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Acute bronchitis

Definition
Acute bronchitis is a transient inflammation of the tracheobronchial tree in response to infection without a history of chronic pulmonary disease or evidence of pneumonia or sinusitis.
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Pathophysiology
The most common cause of acute bronchitis are viruses (90%) including adenovirus, influenza, measles, respiratory syncytial, parainfluenza, and HSV. Nonvirus (10%) causes include bacteria (Mycoplasma pneumoniae, Bordetella pertussis, and Chlamydia pneumoniae) and inhaled lung irritants.
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Disease course
Inflammation of the tracheobronchial tree results in acute bronchitis, which causes clinical manifestations of cough (dry or productive), chest tightness, burning with or without wheezing, headache, low-grade fever, rhinorrhea, sore throat, malaise, and myalgia.
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Prognosis and risk of recurrence
Acute bronchitis is not associated with an increase in mortality.
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Key sources
The following summarized guidelines for the evaluation and management of acute bronchitis are prepared by our editorial team based on guidelines from the American College of Physicians (ACP 2021), the American College of Chest Physicians (ACCP 2020; 2006), the American Academy of Family Physicians (AAFP 2016), the American College of Physicians (ACP/CDC 2016), and the Infectious Diseases Society of America (IDSA 2016).
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Guidelines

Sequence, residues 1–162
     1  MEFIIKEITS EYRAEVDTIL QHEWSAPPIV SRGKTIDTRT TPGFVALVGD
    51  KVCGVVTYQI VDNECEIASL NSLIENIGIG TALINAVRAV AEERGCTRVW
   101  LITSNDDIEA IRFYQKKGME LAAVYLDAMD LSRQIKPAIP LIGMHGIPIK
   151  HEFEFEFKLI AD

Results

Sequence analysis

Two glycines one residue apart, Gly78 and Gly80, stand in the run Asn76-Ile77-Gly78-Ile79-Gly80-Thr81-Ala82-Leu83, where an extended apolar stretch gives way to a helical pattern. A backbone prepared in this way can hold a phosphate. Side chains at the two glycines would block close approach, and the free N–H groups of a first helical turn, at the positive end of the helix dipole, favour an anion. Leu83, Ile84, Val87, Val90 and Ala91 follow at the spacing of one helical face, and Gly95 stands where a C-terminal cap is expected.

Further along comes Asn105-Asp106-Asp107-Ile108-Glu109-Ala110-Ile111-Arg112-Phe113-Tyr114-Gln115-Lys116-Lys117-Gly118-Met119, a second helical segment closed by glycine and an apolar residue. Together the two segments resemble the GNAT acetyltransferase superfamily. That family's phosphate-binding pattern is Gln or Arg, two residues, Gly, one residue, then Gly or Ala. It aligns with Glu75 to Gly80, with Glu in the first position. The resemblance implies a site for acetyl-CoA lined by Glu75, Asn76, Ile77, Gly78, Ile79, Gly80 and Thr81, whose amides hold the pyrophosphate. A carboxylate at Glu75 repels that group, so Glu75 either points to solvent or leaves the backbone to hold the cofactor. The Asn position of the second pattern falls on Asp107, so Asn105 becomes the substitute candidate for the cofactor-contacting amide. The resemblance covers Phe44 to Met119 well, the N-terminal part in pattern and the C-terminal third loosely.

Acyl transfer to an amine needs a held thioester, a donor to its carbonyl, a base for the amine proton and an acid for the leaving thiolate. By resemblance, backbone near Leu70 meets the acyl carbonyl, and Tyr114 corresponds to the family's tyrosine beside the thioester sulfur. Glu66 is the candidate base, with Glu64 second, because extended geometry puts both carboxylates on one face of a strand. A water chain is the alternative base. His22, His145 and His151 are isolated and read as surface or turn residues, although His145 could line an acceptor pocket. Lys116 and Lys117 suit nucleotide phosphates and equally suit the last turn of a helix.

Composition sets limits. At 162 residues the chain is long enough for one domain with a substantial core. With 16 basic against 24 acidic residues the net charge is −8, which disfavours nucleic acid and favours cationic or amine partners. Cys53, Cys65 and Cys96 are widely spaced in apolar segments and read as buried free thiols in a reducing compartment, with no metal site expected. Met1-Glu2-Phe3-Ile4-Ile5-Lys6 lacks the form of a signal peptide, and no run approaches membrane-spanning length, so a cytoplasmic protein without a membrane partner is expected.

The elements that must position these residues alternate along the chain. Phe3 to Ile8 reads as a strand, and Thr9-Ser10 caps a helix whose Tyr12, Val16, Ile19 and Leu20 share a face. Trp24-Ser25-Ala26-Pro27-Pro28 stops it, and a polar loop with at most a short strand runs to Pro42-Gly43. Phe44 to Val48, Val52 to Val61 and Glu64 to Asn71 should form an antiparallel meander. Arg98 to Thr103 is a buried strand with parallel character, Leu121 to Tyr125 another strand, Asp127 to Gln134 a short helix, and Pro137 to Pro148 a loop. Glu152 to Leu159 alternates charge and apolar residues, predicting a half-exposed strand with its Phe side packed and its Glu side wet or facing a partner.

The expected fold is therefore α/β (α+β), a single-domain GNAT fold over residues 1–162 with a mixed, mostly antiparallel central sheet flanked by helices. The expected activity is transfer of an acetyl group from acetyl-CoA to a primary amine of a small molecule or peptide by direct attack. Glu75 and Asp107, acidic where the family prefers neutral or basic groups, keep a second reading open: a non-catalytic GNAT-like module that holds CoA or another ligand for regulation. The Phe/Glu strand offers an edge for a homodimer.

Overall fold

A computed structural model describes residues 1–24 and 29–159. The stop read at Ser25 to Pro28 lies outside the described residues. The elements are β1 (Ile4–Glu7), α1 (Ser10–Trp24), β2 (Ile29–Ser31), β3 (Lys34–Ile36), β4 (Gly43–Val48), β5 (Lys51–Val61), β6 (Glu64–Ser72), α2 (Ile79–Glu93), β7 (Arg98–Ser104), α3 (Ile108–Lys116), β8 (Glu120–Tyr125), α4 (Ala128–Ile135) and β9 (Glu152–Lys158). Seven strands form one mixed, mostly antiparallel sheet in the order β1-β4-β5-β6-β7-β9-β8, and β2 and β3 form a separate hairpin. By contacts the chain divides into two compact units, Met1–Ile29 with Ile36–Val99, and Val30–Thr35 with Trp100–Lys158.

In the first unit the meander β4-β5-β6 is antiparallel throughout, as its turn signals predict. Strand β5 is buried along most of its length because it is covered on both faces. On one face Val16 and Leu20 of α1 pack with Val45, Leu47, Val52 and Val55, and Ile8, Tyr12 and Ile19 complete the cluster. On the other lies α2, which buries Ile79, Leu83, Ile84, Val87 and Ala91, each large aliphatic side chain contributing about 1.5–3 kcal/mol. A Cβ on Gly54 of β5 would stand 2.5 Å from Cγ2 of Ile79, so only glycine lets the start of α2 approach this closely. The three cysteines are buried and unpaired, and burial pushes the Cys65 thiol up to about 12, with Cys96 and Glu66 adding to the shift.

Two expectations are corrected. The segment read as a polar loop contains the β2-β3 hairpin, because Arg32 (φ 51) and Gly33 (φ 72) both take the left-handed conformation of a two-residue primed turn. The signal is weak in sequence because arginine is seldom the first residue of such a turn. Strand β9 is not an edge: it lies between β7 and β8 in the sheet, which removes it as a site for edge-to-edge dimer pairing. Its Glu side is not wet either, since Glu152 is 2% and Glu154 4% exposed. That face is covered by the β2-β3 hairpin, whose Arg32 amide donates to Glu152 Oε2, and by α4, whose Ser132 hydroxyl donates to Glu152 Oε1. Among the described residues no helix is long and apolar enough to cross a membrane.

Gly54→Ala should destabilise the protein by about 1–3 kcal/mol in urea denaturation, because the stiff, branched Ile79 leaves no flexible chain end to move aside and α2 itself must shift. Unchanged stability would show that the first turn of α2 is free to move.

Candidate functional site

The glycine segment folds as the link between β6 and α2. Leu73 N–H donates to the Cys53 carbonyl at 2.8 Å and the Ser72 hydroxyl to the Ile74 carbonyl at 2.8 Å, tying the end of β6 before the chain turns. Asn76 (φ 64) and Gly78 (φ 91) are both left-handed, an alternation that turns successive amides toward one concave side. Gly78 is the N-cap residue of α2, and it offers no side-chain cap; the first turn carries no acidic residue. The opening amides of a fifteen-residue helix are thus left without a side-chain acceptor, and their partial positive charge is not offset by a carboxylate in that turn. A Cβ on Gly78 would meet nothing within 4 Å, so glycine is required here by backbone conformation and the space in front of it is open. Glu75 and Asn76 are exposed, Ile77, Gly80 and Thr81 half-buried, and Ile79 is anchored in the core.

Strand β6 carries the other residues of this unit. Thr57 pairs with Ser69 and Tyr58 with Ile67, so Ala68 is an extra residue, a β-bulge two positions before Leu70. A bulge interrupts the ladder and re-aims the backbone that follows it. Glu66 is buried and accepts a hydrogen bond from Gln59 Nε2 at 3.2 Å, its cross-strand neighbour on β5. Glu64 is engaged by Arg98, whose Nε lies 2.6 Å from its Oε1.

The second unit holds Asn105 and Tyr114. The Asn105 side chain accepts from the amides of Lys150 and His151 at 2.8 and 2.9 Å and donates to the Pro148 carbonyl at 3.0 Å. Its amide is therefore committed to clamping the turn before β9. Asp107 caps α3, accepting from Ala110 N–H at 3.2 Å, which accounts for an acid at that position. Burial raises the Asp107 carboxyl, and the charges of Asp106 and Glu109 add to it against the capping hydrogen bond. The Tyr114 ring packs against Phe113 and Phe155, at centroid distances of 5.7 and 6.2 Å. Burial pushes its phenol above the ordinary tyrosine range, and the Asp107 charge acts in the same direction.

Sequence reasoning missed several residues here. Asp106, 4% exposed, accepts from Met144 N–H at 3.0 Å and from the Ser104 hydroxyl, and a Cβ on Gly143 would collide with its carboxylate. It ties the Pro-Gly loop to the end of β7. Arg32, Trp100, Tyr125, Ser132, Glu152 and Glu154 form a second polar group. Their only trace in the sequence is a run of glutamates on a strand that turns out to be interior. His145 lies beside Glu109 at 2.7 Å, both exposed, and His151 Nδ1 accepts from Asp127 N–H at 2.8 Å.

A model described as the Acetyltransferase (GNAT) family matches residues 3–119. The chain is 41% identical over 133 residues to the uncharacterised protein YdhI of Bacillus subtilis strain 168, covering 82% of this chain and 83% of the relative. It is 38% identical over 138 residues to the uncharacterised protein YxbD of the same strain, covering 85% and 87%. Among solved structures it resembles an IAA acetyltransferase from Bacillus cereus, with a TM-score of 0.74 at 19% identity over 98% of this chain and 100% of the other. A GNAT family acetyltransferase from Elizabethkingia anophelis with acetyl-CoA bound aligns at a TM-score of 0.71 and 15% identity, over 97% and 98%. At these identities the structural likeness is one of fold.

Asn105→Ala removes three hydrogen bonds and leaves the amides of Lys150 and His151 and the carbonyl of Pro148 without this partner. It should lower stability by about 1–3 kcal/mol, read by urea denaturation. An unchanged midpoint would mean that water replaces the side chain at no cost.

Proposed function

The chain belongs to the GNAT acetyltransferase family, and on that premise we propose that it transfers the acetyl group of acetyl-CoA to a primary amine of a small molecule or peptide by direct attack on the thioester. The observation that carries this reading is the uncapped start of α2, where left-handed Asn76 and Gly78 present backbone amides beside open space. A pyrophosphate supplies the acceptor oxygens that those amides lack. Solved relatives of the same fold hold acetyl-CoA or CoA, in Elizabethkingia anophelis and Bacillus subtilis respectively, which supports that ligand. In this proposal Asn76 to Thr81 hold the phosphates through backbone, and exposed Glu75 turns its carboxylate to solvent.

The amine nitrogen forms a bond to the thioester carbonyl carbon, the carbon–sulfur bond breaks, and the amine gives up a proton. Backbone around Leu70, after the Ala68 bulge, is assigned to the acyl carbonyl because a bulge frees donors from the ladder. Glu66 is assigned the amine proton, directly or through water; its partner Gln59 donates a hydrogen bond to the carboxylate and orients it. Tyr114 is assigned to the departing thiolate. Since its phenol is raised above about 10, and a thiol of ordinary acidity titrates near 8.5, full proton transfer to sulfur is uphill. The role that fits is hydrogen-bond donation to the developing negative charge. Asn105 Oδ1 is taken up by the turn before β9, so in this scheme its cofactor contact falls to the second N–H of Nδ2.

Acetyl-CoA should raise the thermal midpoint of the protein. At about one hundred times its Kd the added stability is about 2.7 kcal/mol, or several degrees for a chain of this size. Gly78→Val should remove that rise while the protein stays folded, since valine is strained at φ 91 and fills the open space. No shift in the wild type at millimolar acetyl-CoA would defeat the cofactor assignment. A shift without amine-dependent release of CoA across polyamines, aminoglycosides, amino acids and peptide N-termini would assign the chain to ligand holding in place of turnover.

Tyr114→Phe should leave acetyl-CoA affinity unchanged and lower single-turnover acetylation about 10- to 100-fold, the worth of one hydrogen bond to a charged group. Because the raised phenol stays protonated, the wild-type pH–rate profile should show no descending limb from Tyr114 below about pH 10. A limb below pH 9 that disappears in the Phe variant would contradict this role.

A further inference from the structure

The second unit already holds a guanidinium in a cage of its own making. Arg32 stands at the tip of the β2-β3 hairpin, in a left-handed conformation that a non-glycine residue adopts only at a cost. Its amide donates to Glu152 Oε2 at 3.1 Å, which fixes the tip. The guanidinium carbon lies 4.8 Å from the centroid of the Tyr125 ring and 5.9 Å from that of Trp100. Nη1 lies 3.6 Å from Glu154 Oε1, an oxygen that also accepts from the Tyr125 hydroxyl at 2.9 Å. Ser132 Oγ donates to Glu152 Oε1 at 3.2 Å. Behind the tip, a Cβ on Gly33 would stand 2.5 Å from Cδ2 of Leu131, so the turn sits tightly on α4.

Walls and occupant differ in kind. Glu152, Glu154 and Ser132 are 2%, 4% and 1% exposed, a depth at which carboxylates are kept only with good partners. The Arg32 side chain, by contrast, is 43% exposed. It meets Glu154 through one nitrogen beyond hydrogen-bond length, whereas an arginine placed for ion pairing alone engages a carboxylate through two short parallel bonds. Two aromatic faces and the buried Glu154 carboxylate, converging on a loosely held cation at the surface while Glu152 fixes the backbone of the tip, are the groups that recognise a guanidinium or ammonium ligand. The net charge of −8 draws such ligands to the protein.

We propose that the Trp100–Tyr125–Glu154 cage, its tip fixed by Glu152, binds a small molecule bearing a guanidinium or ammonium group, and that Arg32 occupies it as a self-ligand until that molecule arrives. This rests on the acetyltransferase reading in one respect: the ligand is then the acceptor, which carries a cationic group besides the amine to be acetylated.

1.Screening and diagnosis

Diagnostic criteria: diagnose acute bronchitis in patients with an acute respiratory infection manifested predominantly by cough, with or without sputum production, lasting ≤ 3 weeks, if there is no clinical or radiographic evidence of pneumonia, common cold, acute asthma, and COPD exacerbation.
E
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2.Diagnostic investigations

Chest X-ray: as per ACCP 2020 guidelines, avoid obtaining routine CXRs in immunocompetent adult outpatients with cough due to suspected acute bronchitis.

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  • Laboratory tests

  • Spirometry

  • Further evaluation

3.Medical management

Antibiotic therapy: as per ACP 2021 guidelines, limit antibiotic treatment duration to 5 days when managing patients with acute uncomplicated bronchitis with clinical signs of a bacterial infection (presence of increased sputum purulence in addition to increased dyspnea, and/or increased sputum volume).
B

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  • Antiviral therapy

  • Symptomatic therapy

4.Specific circumstances

Patients with Aspergillus bronchitis
Obtain both PCR and galactomannan on respiratory secretions, usually sputum, for the detection of Aspergillus species to confirm the diagnosis of Aspergillus bronchitis in non-transplant patients.
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Consider initiating oral itraconazole or voriconazole with therapeutic drug monitoring in non-transplant patients with Aspergillus bronchitis.
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